One of the finest films from the 1970s, Robert Altman's masterly take on Raymond Chandler's iconic final novel features Elliot Gould in laid-back form as private eye Philip Marlowe and an unusual request from its director to composer John Williams for its jazz laden score.
LA detective Philip Marlowe (Elliott Gould) smells a rat when his friend Terry Lennox (Jim Bouton), whom he has just driven to Tijuana, is accused of murder. Convinced of Lennox's innocence, Marlowe finds himself embroiled in a labyrinthine murder case involving a drunken novelist (Sterling Hayden), the writer's much-younger wife (Nina van Pallandt), a quack Dr. Feelgood (Henry Gibson), a Jewish gangster (Mark Rydell), and other assorted disreputables en route toward a shocking climax in Mexico.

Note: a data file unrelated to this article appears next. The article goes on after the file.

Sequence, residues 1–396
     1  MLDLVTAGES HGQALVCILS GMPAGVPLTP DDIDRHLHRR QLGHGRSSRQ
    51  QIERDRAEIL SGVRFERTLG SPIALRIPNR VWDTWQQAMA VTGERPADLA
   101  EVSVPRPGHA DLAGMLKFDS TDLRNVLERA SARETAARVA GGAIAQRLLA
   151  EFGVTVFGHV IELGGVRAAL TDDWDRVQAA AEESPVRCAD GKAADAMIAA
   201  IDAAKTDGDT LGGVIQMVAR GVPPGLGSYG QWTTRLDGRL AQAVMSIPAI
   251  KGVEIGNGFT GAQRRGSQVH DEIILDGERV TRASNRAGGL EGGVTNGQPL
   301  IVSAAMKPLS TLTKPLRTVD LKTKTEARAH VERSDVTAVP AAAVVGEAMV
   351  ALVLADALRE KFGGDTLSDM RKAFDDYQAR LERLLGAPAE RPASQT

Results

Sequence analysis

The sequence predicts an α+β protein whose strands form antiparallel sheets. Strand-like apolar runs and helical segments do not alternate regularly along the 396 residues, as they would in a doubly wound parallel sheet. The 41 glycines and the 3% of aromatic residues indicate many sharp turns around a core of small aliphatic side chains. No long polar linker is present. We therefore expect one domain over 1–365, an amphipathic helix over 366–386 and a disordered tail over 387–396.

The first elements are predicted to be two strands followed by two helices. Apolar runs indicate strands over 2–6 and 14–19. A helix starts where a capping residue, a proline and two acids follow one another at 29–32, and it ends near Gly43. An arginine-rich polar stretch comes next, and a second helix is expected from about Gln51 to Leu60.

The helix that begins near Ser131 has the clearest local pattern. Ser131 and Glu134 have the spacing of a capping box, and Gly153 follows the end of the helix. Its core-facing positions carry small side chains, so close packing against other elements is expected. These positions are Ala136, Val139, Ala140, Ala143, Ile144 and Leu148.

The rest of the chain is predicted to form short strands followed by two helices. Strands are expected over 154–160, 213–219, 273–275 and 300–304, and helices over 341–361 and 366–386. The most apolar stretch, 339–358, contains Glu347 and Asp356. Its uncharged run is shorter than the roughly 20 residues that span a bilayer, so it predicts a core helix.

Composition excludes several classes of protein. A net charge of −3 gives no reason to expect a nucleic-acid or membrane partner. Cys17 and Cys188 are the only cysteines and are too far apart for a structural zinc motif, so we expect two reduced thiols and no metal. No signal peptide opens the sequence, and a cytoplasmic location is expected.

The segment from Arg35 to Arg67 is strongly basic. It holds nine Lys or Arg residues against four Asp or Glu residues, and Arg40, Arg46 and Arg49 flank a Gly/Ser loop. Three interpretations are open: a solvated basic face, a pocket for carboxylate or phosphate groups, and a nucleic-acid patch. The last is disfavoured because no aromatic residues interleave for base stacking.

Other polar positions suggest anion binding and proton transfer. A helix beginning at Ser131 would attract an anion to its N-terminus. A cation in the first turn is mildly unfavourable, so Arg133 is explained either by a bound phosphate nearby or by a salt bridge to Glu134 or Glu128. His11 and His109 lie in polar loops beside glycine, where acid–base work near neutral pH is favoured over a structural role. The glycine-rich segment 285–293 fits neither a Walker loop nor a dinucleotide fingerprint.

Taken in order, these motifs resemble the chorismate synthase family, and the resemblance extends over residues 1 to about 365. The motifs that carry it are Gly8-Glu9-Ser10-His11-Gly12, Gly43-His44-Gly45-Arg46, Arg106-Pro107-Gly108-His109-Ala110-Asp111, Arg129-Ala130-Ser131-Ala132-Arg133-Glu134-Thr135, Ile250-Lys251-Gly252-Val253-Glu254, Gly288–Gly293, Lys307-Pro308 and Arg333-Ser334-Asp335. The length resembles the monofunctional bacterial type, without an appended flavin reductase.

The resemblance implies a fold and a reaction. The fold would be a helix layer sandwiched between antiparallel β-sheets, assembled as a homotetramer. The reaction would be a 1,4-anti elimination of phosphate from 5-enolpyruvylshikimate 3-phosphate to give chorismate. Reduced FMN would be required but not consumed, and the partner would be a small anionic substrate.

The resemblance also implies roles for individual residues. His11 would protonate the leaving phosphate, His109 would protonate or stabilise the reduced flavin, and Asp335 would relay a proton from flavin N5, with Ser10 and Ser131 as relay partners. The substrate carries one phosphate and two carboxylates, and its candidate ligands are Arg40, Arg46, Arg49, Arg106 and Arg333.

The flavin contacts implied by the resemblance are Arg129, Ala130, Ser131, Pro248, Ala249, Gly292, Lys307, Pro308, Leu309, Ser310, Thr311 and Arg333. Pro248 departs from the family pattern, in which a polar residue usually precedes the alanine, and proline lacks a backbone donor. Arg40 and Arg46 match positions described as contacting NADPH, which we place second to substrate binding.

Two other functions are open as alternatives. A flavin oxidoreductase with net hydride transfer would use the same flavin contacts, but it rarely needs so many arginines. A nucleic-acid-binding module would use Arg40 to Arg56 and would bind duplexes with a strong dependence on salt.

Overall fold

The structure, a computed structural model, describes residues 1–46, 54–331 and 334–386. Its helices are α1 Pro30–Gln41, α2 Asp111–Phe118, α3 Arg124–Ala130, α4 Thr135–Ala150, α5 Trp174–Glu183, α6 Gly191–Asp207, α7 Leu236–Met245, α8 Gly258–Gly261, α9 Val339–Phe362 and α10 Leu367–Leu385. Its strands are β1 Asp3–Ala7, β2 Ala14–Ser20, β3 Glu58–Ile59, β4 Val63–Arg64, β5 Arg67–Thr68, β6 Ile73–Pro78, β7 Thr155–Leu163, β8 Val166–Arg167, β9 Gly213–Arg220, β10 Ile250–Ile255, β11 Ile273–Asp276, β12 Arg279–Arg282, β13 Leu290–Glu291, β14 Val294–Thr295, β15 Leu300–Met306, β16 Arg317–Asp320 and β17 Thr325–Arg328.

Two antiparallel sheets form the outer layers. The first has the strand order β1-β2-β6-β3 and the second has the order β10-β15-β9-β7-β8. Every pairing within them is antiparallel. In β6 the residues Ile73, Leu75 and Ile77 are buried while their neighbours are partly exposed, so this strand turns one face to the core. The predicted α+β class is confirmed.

In keeping with the overall oddball atmosphere of the film, for its score Altman asked Williams to provide one single main theme, repeated throughout the film with many variations adapted for its different scenes. So as well as the beautiful 10 minute main title sequence, the tune (one of Williams’ most inspired), is also re-presented as a song (with lyrics by Johnny Mercer), in different jazz versions, as a tango, in blues style, as a warm love theme for trumpet and strings, on sitar (for scene at a hippie party), as well as a Mexican variation to boot!